The DIY'rs Cookbook
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tonykaz

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Mr.AB,
 
That is quite a story.  
 
Hmm, seems right outa the blue you stumble over a greatness.  Of course I realize that you were prepared from all the experience with all the gear you surround yourself with.  
 
Another greatness is that folks can simply follow along in your wake and achieve nice results.  Wonderful of you to share.
 
I was reading along on one of your renderings when you suggested that you had future hours planned for the PS111 & Bifrost Multi.  I wasn't quite paying attention and thought you were talk'n about a PS Audio piece.  Having sold scads of PS Audio stuff 30 years ago, I just gave it a pass and though you were a bit looney or had a bit extra of that wine in the Picture ( or was it NyQuil?) .   But I couldn't get it outa my back thoughts that you were saying something here, something profound. So I went back and took a much closer look and realized you were talking Sunrise here.  Hmmmmm, again! 
 
So, now I'm seeing a path, much like the path you recommended those many months ago, the Bottlehead path that I heard and liked at the Ann Arbor meet but also heard the Yggy and didn't like it at all. Confused and worried I had the University of Michigan Medical help me with my hearing needs.  They did just that and now I'm hearing better than I ever remember hearing. 
 
So I was about to go back down that Bottlehead Path or the Schiit Valhala 2 path. But your ( initial?) reporting on the Bi Multi & Sunrise brought me to a full stall.   
 
Now, I have more to be patient about. But I'm taking the first steps.
 
Thank you for writing. 
 
Geez, I feel lucky over this discovery.
 
Tony in Michigan
 
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kstuart

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For those contemplating purchases.
 
The Project Sunrise III is designed for 32-64 ohm headphones like the HE-500s, and the same designer has a similar amp - probably the same circuit - specifically designed for high impedance headphones like the HD650 (and HD600 and HD800, which he calls "Project Horizon III".  The following link has graphs that illustrate the performance of both amps at various impedances, making the choice clear for people who are dedicated users of a particular model headphones:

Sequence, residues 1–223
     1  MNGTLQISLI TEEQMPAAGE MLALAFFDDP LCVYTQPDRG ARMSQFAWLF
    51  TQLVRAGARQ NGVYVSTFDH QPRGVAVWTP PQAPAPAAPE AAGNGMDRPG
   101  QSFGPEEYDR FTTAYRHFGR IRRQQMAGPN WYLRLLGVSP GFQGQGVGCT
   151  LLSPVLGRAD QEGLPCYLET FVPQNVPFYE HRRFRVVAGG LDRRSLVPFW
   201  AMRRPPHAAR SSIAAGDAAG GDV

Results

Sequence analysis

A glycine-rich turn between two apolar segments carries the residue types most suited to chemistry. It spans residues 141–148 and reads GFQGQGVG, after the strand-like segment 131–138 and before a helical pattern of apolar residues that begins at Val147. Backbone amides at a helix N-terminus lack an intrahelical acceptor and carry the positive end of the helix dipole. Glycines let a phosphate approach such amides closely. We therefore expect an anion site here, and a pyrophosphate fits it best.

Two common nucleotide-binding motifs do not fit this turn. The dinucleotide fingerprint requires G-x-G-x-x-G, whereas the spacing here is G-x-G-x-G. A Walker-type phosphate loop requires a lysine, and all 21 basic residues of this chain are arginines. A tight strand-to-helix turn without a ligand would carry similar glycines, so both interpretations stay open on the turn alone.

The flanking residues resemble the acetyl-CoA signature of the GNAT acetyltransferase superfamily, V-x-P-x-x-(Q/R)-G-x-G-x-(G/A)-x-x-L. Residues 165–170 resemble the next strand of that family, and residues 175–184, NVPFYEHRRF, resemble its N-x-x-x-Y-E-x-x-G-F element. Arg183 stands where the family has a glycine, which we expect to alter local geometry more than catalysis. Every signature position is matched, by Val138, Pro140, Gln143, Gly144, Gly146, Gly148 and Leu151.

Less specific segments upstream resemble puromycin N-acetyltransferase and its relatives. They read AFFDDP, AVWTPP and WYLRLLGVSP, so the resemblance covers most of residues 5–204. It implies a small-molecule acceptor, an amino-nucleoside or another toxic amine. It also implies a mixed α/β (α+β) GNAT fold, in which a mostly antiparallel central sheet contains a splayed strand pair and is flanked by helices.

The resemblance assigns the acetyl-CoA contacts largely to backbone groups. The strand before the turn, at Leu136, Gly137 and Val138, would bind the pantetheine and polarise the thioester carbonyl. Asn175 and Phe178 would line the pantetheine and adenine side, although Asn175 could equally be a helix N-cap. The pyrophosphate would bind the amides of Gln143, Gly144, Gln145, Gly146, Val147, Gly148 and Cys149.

http://www.garage1217.com/G1217PRODUCTS/Guide/Comparison%20Guide.pdf
 
There is undoubtedly a "Project Horizon III" thread somewhere on Head-Fi for those who are interested.
 
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landroni

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  For those contemplating purchases.

 
The Project Sunrise III is designed for 32-64 ohm headphones like the HE-500s, and the same designer has a similar amp - probably the same circuit - specifically designed for high impedance headphones like the HD650 (and HD600 and HD800, which he calls "Project Horizon III".  The following link has graphs that illustrate the performance of both amps at various impedances, making the choice clear for people who are dedicated users of a particular model headphones:

 
http://www.garage1217.com/G1217PRODUCTS/Guide/Comparison%20Guide.pdf

 
There is undoubtedly a "Project Horizon III" thread somewhere on Head-Fi for those who are interested.

I know little and less about Project Sunrise III, but from their product page:
http://www.garage1217.com/garage1217_diy_tube_headphone_amplifiers_002.htm
 
Suitable for: 32 - 300 Ohm HeadphonesTubes
 
 
Probably not for 600 Ohm, but this seems to be suitable for 300 Ohm headphones...
 
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landroni

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  Am I glad now I took this chance. Subbing a Linear Power Supply for the SMPS, pairing with a Mousai MSD192 and HD650 and before i new it I had a rocking budget system. Recently we put the Schiit Bifrost MB in place of the MSD192. The evolved budget system busts preconceived notions that you have to spend enormous amounts of money to achieve auditory delight. Now I have other systems that can delivery higher resolution or greater (name your favorite parameter here), but they require a lot more investment. Sure the Liquid Crimson or ZDSE rocks. At 10x the price of the PS-III. And I do appreciate the Liquid Crimson and ZDSE for the extra performance that they deliver. Not everyone can justify such investment. So the goal is how far up the Receiver Operating Curve of price performance can we put a budget system. This one will be hard to beat.

Did you ever get the chance to pair Bimby with the Liquid Carbon amp? I hear it's a Cavalli budget beast at 600$, and many seem to be grabbing it for their R2R systems...
 
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atomicbob

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Did you ever get the chance to pair Bimby with the Liquid Carbon amp? I hear it's a Cavalli budget beast at 600$, and many seem to be grabbing it for their R2R systems...